From Cambridge Dictionary: populism.

From Collins Dictionary: fake news.

From Dictionary.com: complicit.

From Merriam-Webster: feminism. M-W’s runners-up: complicit, recuse, empathy, dotard, syzygy, gyro, federalism, hurricane, gaffe.

Monday, December 11, 2017

“Save the Country”


[Laura Nyro, “Save the Country” (Nyro). Kraft Music Hall Presents the Sound of the Sixties. NBC Television, January 15, 1969.]

A good national anthem, then or now. Especially now.

James Rushing Esq.

Still making my way through my dad’s CDs: Julian “Cannonball” Adderley, Ivie Anderson, Louis Armstrong, Fred Astaire, Mildred Bailey, Count Basie, Tony Bennett, Art Blakey, Ruby Braff and Ellis Larkins, Clifford Brown, Dave Brubeck, Joe Bushkin, Hoagy Carmichael, Betty Carter, Ray Charles, Charlie Christian, Rosemary Clooney, Nat “King” Cole, John Coltrane, Bing Crosby, Miles Davis, Matt Dennis, Doris Day, Blossom Dearie, Paul Desmond, Tommy Dorsey, Billy Eckstine, Duke Ellington, Bill Evans, Gil Evans, Ella Fitzgerald, Judy Garland, Erroll Garner, Stan Getz, Dizzy Gillespie, Benny Goodman, Stéphane Grappelli, Bobby Hackett, Coleman Hawkins, Woody Herman, Earl Hines, Billie Holiday, Lena Horne, Dick Hyman, Harry James, Hank Jones (my dad did tile work in his house), Louis Jordan, Stan Kenton, Barney Kessel, Lambert, Hendricks, and Ross, Peggy Lee, Mary Ann McCall, Susannah McCorkle, Dave McKenna, Ray McKinley, Marian McPartland, Johnny Mercer, Helen Merrill, Glenn Miller, the Modern Jazz Quartet, Thelonious Monk, Wes Montgomery, Gerry Mulligan, Red Norvo, Anita O’Day, Charlie Parker, Joe Pass, Art Pepper, Oscar Peterson, Bud Powell, Boyd Raeburn, Django Reinhardt, Marcus Roberts, Sonny Rollins, and now, Jimmy Rushing.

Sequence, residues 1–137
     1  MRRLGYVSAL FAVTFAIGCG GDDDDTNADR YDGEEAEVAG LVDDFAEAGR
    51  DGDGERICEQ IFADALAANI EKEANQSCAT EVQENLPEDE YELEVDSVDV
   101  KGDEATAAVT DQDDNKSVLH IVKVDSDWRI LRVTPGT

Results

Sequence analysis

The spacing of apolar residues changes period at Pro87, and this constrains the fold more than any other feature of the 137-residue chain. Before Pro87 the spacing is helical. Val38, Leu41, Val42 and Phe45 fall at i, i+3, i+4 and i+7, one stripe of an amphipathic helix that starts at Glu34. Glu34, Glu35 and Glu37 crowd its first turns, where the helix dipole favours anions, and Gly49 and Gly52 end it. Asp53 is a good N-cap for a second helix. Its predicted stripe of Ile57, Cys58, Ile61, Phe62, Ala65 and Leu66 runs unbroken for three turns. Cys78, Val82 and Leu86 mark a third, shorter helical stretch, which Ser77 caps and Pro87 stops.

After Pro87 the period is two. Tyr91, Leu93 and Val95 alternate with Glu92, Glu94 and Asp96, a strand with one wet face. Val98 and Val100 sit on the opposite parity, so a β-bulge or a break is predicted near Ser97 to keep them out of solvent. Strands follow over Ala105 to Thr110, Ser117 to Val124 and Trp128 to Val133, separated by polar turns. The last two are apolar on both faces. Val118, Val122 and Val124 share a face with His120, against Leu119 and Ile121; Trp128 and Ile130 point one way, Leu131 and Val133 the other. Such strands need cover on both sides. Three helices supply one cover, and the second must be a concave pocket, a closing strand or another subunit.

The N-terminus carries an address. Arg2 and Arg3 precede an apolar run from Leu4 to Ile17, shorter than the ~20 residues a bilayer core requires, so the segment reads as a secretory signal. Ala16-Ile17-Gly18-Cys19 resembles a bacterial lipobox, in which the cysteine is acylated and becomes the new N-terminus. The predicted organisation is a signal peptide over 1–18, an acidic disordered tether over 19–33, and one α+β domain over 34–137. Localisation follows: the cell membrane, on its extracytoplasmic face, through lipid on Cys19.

Here are two tracks from The Jazz Odyssey of James Rushing Esq. (Columbia, 1957), an LP I remember vividly from childhood. I found an expensive used copy in adulthood. When the recording was reissued on CD, I bought a copy for my dad. That’s what I’m listening to now.

 

“New Orleans” (Hoagy Carmichael). Buck Clayton, trumpet; Tony Parenti, clarinet; Vic Dickenson, trombone; Cliff Jackson, piano; Walter Page, bass; Zutty Singleton, drums.

“Doctor Blues” (Ed Lewis–James Rushing). Buck Clayton, Ernie Royal, trumpets; Hilton Jefferson, alto sax; Buddy Tate, tenor sax; Danny Banks, baritone sax; Vic Dickenson, trombone; Hank Jones, piano; Skeeter Best, guitar; Milt Hinton, bass; Jo Jones, drums. Both recorded November 6, 1956.

Listening at the age of three or four or five, I had no idea what these songs were about. But I knew that I liked Jimmy Rushing’s voice.

Also from my dad’s CDs
Mildred Bailey : Tony Bennett : Charlie Christian : Blossom Dearie : Duke Ellington : Coleman Hawkins : Billie Holiday : Louis Jordan : Charlie Parker

[Yes, there should be a comma before Esq . But I’m following the LP title.]

Sunday, December 10, 2017

Domestic comedy

[Watching an episode of Freaks and Geeks.]

“I’m so glad our kids are not in high school anymore.”

“I’m so glad I’m not in high school anymore.”

Related reading
All OCA domestic comedy posts (Pinboard)

Saturday, December 9, 2017

TV days

Donald Trump, quoted in a New York Times report on the course of the presidential day:

“I know they like to say — people that don’t know me — they like to say I watch television. People with fake sources — you know, fake reporters, fake sources. But I don’t get to watch much television, primarily because of documents. I’m reading documents a lot.”
Yep, lots of documents, with lots of pictures.

The Times reports that “people close to him estimate that Mr. Trump spends at least four hours a day, and sometimes as much as twice that, in front of a television.”